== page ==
One might think that a new development will always get the most leads – unfortunately, this is not necessarily the case. Lead indicators start with what absorption is when the first deliveries are real and tangible. After that, take into consideration marketing statistics. If lease expiration management (LEM) was successful coming out of year one, it will help prep operations executives for the next year. Ask yourself: Is your velocity headed in the right direction and did you take seasonality into account? Can rents be increased (or concessions decreased) to make even more (and/or put some cushion in the bank for the low season)? Will we finish lease-up before month 13?

Quick Tip: If you want to lease-up before month 13, look at how rents and marketing strategies can be better aligned to drive traffic and demand. This can help increase revenue by increasing rents (or decreasing concessions) and rent to market conditions when seasonality is high.

 

7. UNDERSTAND FLOOR PLAN POPULARITY

Some floor plans will be duds – it’s as simple as that. The best action-oriented approach you can take with your floor plans is to seek out feedback. Start this process before tours begin by getting individual staff assessments. Lease-up sales teams have a keen understanding of the challenges that come with a new development and have a good eye for which floor plans will lease well and why others will struggle. Continue to garner feedback after tours begin by collecting comments and reactions stemming from conversations between your staff and potential renters.

Quick Tip: Use floor plan popularity as a key data point for leasing effectiveness. Leverage floor plan popularity in your pricing strategies to build demand for the less desired units while driving revenue on the highly sought-after ones. 

 

8. EVALUATE AMENITIES 

List out all possible amenities and begin allocating them immediately. Amenity values should be assessed as early and often as possible. Similar to the various floor plan types your community offers, the different amenities associated with your individual units can have higher (or lower) demand at different times of the year; think seasonality here. Requests for pool views, skyline views, floor levels, larger balconies, and flooring (among other items) vary throughout the year and from market to market. Keep an eye on the velocity of amenities that are renting and adjust accordingly.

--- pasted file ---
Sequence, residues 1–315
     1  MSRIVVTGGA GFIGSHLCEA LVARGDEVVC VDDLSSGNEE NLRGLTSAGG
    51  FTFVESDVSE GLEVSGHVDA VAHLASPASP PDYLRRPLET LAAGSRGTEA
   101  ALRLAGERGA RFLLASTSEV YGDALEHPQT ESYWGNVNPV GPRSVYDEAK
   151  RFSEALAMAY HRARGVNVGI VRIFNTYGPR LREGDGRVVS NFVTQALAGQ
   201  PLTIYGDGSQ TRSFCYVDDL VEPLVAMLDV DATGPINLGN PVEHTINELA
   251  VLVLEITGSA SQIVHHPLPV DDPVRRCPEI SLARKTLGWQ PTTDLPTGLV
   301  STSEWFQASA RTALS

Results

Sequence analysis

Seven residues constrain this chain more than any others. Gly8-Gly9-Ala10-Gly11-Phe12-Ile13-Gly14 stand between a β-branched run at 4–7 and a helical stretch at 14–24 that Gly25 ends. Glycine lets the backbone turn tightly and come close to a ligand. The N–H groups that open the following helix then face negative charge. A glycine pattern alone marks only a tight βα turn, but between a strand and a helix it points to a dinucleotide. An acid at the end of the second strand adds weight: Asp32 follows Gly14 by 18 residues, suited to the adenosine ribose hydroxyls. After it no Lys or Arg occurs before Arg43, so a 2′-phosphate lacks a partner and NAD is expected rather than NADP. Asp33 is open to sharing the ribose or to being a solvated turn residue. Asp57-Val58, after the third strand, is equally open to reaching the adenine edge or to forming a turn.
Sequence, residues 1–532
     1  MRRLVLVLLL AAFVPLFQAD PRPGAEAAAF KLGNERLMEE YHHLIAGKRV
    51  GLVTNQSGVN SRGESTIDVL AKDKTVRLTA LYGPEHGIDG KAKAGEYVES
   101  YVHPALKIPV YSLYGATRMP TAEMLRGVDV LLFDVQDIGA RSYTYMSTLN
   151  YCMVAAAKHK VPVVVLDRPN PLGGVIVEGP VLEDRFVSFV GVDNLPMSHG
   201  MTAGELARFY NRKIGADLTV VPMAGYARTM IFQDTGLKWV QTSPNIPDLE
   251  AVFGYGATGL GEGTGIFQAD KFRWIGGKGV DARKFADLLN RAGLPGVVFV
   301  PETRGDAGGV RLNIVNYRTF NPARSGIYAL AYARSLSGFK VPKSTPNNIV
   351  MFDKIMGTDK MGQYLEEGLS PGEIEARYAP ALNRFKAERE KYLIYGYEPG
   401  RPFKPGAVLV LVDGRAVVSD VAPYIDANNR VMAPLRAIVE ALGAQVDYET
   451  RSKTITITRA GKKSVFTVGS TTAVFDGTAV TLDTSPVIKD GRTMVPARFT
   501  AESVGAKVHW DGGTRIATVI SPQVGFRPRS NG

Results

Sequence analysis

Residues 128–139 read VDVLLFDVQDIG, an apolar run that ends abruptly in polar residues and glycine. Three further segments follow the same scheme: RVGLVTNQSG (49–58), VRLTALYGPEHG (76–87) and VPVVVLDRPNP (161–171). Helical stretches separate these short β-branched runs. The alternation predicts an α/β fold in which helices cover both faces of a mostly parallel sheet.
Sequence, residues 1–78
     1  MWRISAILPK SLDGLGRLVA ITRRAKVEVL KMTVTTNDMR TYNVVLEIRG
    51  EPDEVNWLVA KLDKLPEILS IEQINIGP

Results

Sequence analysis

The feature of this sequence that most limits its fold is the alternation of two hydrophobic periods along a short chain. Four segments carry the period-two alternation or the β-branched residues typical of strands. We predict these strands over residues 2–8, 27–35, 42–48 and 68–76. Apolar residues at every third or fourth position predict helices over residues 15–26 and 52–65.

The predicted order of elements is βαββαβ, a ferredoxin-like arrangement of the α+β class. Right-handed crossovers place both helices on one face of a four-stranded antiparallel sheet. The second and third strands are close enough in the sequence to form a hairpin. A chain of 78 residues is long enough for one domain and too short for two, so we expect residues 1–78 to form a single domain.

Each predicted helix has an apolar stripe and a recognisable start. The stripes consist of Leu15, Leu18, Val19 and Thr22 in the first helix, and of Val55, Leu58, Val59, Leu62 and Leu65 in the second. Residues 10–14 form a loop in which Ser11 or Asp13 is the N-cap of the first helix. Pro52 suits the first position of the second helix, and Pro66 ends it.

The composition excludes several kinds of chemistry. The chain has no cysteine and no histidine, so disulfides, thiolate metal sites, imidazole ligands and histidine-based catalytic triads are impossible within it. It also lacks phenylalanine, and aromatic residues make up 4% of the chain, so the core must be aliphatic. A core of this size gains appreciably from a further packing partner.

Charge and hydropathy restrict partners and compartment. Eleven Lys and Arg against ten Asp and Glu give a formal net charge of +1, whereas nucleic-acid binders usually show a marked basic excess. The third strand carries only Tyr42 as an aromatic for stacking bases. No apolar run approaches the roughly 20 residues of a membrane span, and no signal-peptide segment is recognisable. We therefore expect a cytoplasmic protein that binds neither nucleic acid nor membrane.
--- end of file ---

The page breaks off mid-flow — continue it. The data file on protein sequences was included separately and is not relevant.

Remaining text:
Quick Tip: Don’t be afraid to adjust values for the same amenity when associated with different unit types. Don’t assume that only the fancy amenities like granite countertops and stellar views are the only amenities renters will pay more for. Parking, proximity to the mail center, and even proximity to parks can sometimes play a key part in a person’s decision to rent.

 

9. COMMUNICATE 

Delegation and communication should be first and foremost during lease-ups. The lists of tasks seem to be never-ending for new developments so the distribution and accountability for these deadlines are critical. With so many moving pieces, and people involved, there is a need for constant communication - and not just among the operations, development, and management teams but to residents and prospects. Keep an open door policy. 

Quick Tip: Communication must successfully filter down to the resident level. Residents require their own level of attention and need to stay “in the know” so inconveniences and interruptions don’t intervene with their personal lives. With subcontractors and residents in one place for months on end, challenges can arise. Keep residents informed, alert and privy to future events even when unexpected incidents surface.  

 

10. G.O.Y.B. GET. OFF. YOUR. BUTT.

Lease-ups are not for the nine-to-fiver, as the idea of working overtime just becomes “working”. What gets accomplished when you put the sweat, and the occasional tears in? Everything. 

Quick Tips: 

  • Tour the community building(s) with other key associates Possess a sensitive gauge for your customers’ experience thus far Assess whether the community image and persona
  • Possess a sensitive gauge for your customers’ experience thus far Assess whether the community image and persona
  • Assess whether the community image and persona is where it should be Include multiple ways for creating a sense of urgency with prospects
  • Enlist the media for PR and advertising opportunities Lay the foundation – e.g. initiate hardhat tours, plan a grand opening, use social media to connect, set monthly goals, etc.
  • Lay the foundation – e.g. initiate hardhat tours, plan a grand opening, use social media to connect, set monthly goals, etc.

 

Rate this blog entry:
0
 

Leave your comments